Wildlife Damage Management, Internet Center for

 

Date of this Version

2011

Citation

Yellowstone Science 19(2) • 2011

Comments

This document is a U.S. government work and is not subject to copyright in the United States.

Abstract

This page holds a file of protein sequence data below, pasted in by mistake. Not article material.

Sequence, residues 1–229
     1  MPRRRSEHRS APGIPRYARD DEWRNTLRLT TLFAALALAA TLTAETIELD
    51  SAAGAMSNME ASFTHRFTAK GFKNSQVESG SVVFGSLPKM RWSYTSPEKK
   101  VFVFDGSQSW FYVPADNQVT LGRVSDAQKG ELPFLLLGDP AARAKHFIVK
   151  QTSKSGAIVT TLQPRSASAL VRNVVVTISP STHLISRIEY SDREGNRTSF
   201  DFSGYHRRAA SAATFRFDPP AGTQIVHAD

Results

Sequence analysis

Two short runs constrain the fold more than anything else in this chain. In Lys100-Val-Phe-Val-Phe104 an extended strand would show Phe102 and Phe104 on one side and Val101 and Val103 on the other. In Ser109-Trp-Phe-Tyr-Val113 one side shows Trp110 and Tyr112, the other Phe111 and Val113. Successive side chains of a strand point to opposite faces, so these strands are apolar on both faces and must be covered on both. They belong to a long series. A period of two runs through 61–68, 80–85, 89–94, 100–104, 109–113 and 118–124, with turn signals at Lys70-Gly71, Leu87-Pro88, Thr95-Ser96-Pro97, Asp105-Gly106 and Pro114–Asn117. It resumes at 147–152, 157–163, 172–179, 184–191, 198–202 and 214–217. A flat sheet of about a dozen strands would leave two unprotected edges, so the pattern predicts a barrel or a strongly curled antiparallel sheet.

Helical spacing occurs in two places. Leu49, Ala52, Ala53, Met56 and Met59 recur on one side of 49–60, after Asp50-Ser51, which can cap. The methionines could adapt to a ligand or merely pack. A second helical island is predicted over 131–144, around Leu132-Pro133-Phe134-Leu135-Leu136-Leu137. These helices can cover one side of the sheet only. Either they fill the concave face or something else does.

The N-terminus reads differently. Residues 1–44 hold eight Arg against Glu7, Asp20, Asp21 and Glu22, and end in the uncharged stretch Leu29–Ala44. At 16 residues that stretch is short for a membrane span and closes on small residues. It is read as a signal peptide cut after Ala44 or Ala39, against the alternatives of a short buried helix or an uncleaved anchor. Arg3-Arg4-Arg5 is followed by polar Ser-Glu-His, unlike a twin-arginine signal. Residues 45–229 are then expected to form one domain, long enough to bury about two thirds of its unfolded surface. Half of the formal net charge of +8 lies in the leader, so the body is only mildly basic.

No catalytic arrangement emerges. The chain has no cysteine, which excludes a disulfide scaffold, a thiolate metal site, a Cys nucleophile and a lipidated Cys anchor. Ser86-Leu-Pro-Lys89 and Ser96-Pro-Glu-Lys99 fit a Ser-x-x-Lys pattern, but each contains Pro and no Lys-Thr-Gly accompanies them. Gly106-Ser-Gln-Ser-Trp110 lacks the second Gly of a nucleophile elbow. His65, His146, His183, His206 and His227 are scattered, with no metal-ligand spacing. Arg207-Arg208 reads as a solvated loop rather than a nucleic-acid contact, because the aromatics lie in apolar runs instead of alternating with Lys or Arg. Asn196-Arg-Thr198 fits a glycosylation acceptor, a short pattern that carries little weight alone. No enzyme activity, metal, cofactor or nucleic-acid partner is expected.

Each summer Yellowstone Wolf Project staff visit den sites to monitor the success of wolf reproduction and pup rearing behavior. For the purposes of wolf monitoring, Yellowstone National Park (YNP) is divided into two study areas, the northern range and the interior, each distinguished by their ecological and physiographical differences. The 1,000 square kilometer northern range, characterized by lower elevations (1,500–2,200 m), serves as prime winter habitat for ungulates and supports a higher density of wolves than the interior (20–99 wolves/1,000 km2 versus 2–11 wolves/1,000 km2). The interior of the park encompasses 7,991 square kilometers, is higher in elevation, receives higher annual snowfall, and generally supports lower densities of wolves and ungulates.

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